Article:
Secret Santa: 7 Golden Rules for Giving

See, Secret Santa is not only about saving the money and the hassle it would entail to shop for all your colleagues. It’s also about building camaraderie and showing that you care about our co-workers. So your attitude towards the whole game impacts your image. Are you thoughtful? Did you bother to buy something appropriate for the person whose name you drew out of the hat? Or are you re-gifting something you got stuck with last year?

Here are 7 golden rules that will help you be the best Secret Santa you can be:

1. Stick to the price limit.This rule applies regardless of who you’re shopping for. It’s tempting to go over the limit established by your group (usually $10-$20) when you’re shopping for your boss, but that can be construed as brown nosing. If you’re buying for someone who is a close friend outside of the office, you may want to get that person two gifts. One as their Secret Santa and another one as their friend.

2. Be a good observer. It’s easier to shop for people you work with closely than for the people you never see except at the Christmas party. Nevertheless, if you walk by their work space, or spend a few minutes talking to them or their colleagues, you might discover that they are sports fans, that they love dogs or that they are coffee drinkers. That should give you good clues for an appropriate gift that will be appreciated.

3. Avoid shopping at dollar stores. Items that look like they came from a dollar store spell “cheap and careless.” You don’t want those words to become your new brand. You may find some great gifts at discount stores such as Target or TJMaxx and make a much better impression.

4. Avoid items that can be perceived as sexual. Whether you’re trying to make a joke or not, stay away from off-color books, any intimate apparel, videos, or other gifts that the person can interpret as a come-on. Even when you happen to have that kind of relationship with the co-worker you’re gifting, it’s best to buy something less controversial.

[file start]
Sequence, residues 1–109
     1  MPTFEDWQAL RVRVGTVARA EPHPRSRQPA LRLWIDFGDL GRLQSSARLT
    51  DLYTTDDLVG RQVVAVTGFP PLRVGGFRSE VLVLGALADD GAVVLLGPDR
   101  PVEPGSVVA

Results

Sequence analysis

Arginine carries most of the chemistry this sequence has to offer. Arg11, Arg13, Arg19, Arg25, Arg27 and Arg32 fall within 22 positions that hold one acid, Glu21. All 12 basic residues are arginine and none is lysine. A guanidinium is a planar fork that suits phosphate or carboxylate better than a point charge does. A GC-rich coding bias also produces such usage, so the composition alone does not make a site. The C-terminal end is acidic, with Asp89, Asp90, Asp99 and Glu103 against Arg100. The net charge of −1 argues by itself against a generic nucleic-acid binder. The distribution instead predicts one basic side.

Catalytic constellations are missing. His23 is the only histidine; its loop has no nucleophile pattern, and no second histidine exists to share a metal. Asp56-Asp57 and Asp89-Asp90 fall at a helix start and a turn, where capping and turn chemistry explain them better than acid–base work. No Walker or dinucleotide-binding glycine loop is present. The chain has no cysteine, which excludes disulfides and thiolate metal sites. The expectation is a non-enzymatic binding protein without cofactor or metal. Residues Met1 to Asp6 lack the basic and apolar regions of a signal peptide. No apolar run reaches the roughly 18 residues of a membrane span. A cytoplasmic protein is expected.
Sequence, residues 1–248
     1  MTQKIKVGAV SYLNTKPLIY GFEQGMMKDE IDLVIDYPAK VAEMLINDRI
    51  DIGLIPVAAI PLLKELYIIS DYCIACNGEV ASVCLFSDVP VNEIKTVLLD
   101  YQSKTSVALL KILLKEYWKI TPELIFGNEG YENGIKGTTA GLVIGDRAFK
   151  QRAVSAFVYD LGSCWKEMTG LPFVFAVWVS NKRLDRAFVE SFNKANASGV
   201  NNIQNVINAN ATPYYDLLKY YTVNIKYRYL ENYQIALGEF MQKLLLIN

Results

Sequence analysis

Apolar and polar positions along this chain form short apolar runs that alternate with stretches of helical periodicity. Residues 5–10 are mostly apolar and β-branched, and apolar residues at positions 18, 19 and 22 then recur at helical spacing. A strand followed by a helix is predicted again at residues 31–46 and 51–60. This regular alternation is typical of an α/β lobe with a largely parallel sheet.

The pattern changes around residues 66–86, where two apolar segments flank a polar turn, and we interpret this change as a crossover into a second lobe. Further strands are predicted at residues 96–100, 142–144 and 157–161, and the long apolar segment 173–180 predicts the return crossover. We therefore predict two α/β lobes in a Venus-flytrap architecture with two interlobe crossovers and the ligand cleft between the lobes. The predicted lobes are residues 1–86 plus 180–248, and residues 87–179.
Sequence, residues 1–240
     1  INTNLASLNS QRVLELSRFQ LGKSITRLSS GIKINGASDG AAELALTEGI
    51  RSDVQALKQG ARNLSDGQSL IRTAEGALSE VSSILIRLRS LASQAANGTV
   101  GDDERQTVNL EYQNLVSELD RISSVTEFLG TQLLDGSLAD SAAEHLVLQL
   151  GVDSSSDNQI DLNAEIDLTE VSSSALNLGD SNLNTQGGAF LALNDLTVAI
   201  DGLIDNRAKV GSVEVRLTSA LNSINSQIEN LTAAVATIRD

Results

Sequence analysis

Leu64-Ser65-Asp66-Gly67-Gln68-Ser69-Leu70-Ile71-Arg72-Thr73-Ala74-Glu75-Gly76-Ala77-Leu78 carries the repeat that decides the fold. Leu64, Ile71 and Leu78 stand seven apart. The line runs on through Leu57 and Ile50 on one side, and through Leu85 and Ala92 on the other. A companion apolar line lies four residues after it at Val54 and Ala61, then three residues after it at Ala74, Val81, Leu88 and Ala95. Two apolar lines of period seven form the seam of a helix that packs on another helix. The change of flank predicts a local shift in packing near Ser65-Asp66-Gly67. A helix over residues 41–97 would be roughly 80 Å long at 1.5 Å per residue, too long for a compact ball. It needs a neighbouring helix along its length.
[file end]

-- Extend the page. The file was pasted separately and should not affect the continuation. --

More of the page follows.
5. Be aware of cultural differences. Not everyone in your office will appreciate a little porcelain collectible of a manger, a basket with meats and cheeses or one with perfumed soaps and bath salts. Keep these sensibilities in mind.

6. Wrap your gift nicely. A good presentation adds value to your gift and shows that you care about the person. Don’t skip this step.

7. Don’t fret over it. Once you have the name of the person, take a day or two to figure out what their interests are and write down a list of optional gifts. This is particularly important for people you don’t know or people you don’t like. The more you keep it in your head, the harder it seems to get the appropriate gift.

Above all, the holiday season is a time to show your caring side—both at home and at work. If Secret Santa is the way your office is going, try to make the best out of it instead of considering it a chore. You have the chance to make someone happy, so why not?

This article was originally published in Mamiverse.

Prepare Your Kids for Back to School After the Holidays

Wake Up Early: Start waking the kids up at their normal school time several days before they go back, even if they stayed up late the night before. They will likely have no trouble going to bed on time on days when they woke up early.

Talk About School: Keep school at the forefront of your kids’ minds by talking about it each day of the holiday break. Ask them which friends they are looking forward to seeing when they go back and which classes are their favorites. Read books off your kids’ reading lists then ask them questions about the books. If your kids bring their lunch to school, make a calendar with different food options for the first week when they go back.

Keep the Brain Working: There’s an awesome series of books called Summer Fit Learning which is intended to help kids maintain over the summer what they learned during the year. The website offers lots of games for a “fit brain,” along with reading lists, book reports and entertaining activities. Even though it’s not summer, you will still find lots of things to keep your kids engaged.

Set Goals: As part of New Year’s resolutions, encourage your children to set some school-related goals, such as raising a math grade by five points or making one new friend each month. Set your own goals as well—maybe getting up a few minutes earlier each morning to have lunches packed before waking the kids or to give yourself a half hour to exercise or meditate.

Start Off New: Earmark one of your child’s Christmas presents as a special one for the first day back to school. It may be a new shirt, new shoes, a new backpack, zipper pull or locker decoration. Your child will be eager to get back to school to show the new item to his or her friends.

Getting back to school after the extended holiday break doesn’t have to be as stressful as taking a test. Remember to stick as close as you can to the normal wake-up and bedtime routine during the break, but don’t worry about the times when the holiday keeps you out late—just get back on schedule the next day. Routinely engage them in positive conversations about the return to school while they’re still enjoying their break.

This article was originally published on Mamiverse.